Earthquake News

The 1957 Andreanof Islands earthquake

1957 Andreanof Islands earthquake

Source: Wikipedia

On March 9, 1957, the Andreanof Islands earthquake with a maximum Mercalli intensity of VIII and a moment magnitude of 8.6 occurred (Severe). It took place south of the Aleutian Islands arc's Andreanof Islands group. The incident happened close to Alaska at the Aleutian Trench, a convergent plate boundary that divides the Pacific Plate from the North American Plate. A tsunami that was basin-wide followed, with Alaska and Hawaii feeling the consequences. Losses totaled about $5 million.

Few instruments were able to capture the shock since it happened before the World Wide Standardized Seismological Network was in existence, and as a result, its mechanism is not well known. With the little information available, some attempt was made to understand the rupture area and the distribution of slip. The 750 mi (1,200 km) aftershock zone was the largest ever recorded, which was one component of the event that was certain.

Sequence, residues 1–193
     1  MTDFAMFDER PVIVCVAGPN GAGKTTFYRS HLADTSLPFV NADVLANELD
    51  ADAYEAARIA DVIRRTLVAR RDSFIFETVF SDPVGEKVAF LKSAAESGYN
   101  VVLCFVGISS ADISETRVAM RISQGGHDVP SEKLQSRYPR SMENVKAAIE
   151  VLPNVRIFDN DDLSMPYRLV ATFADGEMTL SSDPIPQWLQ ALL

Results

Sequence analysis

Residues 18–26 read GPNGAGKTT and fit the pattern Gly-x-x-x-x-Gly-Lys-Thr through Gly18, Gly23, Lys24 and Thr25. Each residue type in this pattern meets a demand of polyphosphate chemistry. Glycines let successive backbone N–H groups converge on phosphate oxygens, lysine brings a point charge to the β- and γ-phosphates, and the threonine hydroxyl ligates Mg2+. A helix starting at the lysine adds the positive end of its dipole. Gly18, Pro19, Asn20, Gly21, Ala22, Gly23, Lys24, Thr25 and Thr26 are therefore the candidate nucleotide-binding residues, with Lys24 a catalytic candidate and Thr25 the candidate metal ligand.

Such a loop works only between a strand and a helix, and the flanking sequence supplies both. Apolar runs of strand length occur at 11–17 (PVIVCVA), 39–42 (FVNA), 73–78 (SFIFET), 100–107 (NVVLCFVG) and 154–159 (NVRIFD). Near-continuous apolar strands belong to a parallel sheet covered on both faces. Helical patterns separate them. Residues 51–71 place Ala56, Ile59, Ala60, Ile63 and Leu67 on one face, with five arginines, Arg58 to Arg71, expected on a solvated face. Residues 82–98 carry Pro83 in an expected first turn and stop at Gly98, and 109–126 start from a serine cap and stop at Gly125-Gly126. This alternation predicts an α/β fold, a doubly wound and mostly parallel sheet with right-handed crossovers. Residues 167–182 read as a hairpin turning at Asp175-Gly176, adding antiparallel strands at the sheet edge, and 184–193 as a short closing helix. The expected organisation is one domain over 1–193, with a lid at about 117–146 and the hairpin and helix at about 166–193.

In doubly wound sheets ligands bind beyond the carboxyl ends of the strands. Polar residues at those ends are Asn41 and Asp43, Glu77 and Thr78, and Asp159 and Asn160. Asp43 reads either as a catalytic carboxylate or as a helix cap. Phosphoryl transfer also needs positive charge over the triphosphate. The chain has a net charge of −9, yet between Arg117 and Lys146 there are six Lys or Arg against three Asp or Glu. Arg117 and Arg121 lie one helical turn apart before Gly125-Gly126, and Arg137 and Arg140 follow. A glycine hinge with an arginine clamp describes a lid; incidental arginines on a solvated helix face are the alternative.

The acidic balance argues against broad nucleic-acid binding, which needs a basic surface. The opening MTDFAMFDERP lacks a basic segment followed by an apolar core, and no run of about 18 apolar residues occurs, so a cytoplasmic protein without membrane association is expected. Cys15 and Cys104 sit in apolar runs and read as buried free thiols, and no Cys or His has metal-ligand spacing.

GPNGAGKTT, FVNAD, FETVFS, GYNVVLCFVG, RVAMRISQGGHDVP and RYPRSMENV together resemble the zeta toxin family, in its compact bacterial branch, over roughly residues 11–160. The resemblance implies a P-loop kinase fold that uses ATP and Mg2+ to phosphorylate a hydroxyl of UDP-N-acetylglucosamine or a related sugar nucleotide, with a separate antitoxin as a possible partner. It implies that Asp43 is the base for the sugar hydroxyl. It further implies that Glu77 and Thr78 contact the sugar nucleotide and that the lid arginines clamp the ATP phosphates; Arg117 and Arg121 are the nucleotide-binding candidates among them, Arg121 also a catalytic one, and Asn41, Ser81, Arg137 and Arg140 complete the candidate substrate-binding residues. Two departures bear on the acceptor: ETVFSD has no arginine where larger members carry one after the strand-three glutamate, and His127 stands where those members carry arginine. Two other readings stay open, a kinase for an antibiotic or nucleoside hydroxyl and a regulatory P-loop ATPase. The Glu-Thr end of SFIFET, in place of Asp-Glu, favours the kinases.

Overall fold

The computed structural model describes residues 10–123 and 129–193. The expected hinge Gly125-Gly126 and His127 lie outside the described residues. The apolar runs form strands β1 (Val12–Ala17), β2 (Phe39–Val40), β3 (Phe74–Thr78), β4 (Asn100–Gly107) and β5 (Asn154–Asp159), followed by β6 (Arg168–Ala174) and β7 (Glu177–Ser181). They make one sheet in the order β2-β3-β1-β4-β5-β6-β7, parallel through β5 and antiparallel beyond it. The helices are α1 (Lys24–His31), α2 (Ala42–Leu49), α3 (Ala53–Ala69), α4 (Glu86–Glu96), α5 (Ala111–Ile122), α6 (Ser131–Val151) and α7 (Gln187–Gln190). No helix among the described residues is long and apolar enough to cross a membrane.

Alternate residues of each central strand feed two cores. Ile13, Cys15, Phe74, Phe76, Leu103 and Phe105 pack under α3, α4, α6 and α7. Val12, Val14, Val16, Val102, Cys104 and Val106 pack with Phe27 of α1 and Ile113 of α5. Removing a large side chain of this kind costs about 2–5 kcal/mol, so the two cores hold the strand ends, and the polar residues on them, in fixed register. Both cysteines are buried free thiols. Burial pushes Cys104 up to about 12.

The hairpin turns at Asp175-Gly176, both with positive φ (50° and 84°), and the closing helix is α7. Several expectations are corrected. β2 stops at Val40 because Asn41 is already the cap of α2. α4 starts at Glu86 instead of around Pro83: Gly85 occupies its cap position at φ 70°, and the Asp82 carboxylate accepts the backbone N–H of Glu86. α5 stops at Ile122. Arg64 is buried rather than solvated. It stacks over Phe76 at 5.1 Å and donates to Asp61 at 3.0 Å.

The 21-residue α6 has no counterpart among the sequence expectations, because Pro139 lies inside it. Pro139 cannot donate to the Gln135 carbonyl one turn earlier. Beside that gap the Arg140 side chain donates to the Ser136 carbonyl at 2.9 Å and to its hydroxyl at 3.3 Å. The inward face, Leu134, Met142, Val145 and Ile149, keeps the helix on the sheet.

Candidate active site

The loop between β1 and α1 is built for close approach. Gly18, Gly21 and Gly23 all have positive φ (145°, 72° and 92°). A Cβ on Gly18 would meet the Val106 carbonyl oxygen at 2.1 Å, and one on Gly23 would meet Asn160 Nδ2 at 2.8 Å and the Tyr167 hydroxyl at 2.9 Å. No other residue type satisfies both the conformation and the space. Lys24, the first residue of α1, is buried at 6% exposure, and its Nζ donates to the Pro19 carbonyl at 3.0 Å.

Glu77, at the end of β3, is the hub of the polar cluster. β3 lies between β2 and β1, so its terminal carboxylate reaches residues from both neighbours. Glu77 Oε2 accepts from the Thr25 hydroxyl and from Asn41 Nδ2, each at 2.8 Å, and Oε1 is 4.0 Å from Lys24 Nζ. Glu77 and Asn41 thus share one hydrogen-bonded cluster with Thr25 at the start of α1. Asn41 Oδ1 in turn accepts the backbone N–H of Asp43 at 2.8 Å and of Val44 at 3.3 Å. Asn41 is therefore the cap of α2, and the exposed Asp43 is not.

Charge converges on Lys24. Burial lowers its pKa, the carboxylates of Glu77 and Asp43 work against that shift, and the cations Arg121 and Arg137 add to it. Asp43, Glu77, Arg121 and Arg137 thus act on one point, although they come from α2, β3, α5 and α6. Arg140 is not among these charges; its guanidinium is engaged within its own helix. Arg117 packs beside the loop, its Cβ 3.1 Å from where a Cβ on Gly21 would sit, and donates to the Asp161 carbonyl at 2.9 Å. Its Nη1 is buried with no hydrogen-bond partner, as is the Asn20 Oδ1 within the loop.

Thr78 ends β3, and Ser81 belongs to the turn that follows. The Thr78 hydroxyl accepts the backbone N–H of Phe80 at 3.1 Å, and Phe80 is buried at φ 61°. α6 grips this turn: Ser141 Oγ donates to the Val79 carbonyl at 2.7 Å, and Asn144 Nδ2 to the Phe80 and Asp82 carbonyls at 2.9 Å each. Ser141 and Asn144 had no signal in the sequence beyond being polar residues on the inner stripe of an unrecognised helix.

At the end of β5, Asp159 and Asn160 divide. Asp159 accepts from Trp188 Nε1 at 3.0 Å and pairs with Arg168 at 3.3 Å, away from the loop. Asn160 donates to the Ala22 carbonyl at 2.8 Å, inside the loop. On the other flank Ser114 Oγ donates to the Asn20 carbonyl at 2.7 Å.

The Seismic Sea Wave Warning System's prompt warnings are credited with averting more severe damage or fatalities.

The 2,500 mi (4,000 km) Aleutian Subduction Zone is where the Pacific and North American Plates merge. This oceanic trench extends from the Kuril Subduction Zone in the west to the Yakutat Collision Zone in the east. There are right-lateral transform faults at both extremities of the subduction zone, including the Queen Charlotte Fault in the east and a similar structure at Attu Island in the far west.

The earthquake in Alaska seriously destroyed the structures and roads on Adak Island, but no one was hurt. Two bridges and a few structures near the pier that were related to oil and fuel were also damaged. On Umnak Island, a concrete mixer and some docks were misplaced.

Damage was even worse in Hawaii, where two people died indirectly as a result of a pilot and a photographer being killed while trying to capture footage of the tsunami's arrival from an airplane. The waves on the island of Kauai were as high as 52 feet (16 meters). The Aleutian Islands earthquake and subsequent tsunami in 1946 were regarded as having impacts that were roughly twice as powerful. On Oahu's north shore, some 50 residences were inundated, and Waialua Bay was significantly impacted. In Haleiwa, bridges and buildings were also impacted. Over $5 million ($46 million in 2017) worth of damage was incurred overall.

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